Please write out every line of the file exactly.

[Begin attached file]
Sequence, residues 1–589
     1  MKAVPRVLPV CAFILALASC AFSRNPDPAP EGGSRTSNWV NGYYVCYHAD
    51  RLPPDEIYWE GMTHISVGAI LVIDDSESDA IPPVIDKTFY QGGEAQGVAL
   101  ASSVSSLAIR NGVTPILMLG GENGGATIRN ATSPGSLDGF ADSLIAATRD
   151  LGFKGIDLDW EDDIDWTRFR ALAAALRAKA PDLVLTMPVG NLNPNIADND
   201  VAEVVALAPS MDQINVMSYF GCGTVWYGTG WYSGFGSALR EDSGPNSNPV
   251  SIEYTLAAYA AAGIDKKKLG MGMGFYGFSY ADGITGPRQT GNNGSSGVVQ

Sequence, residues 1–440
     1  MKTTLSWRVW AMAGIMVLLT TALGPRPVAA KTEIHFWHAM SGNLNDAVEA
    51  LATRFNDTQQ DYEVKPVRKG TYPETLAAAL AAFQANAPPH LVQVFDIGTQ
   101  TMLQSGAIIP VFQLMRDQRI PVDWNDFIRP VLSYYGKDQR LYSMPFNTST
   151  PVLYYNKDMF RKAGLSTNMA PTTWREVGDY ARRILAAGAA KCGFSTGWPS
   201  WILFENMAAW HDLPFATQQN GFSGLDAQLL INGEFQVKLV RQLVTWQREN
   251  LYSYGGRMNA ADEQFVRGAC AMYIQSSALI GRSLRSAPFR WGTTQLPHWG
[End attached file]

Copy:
Sequence, residues 1–589
     1  MKAVPRVLPV CAFILALASC AFSRNPDPAP EGGSRTSNWV NGYYVCYHAD
    51  RLPPDEIYWE GMTHISVGAI LVIDDSESDA IPPVIDKTFY QGGEAQGVAL
   101  ASSVSSLAIR NGVTPILMLG GENGGATIRN ATSPGSLDGF ADSLIAATRD
   151  LGFKGIDLDW EDDIDWTRFR ALAAALRAKA PDLVLTMPVG NLNPNIADND
   201  VAEVVALAPS MDQINVMSYF GCGTVWYGTG WYSGFGSALR EDSGPNSNPV
   251  SIEYTLAAYA AAGIDKKKLG MGMGFYGFSY ADGITGPRQT GNNGSSGVVQ

Sequence, residues 1–440
     1  MKTTLSWRVW AMAGIMVLLT TALGPRPVAA KTEIHFWHAM SGNLNDAVEA
    51  LATRFNDTQQ DYEVKPVRKG TYPETLAAAL AAFQANAPPH LVQVFDIGTQ
   101  TMLQSGAIIP VFQLMRDQRI PVDWNDFIRP VLSYYGKDQR LYSMPFNTST
   151  PVLYYNKDMF RKAGLSTNMA PTTWREVGDY ARRILAAGAA KCGFSTGWPS
   201  WILFENMAAW HDLPFATQQN GFSGLDAQLL INGEFQVKLV RQLVTWQREN
   251  LYSYGGRMNA ADEQFVRGAC AMYIQSSALI GRSLRSAPFR WGTTQLPHWG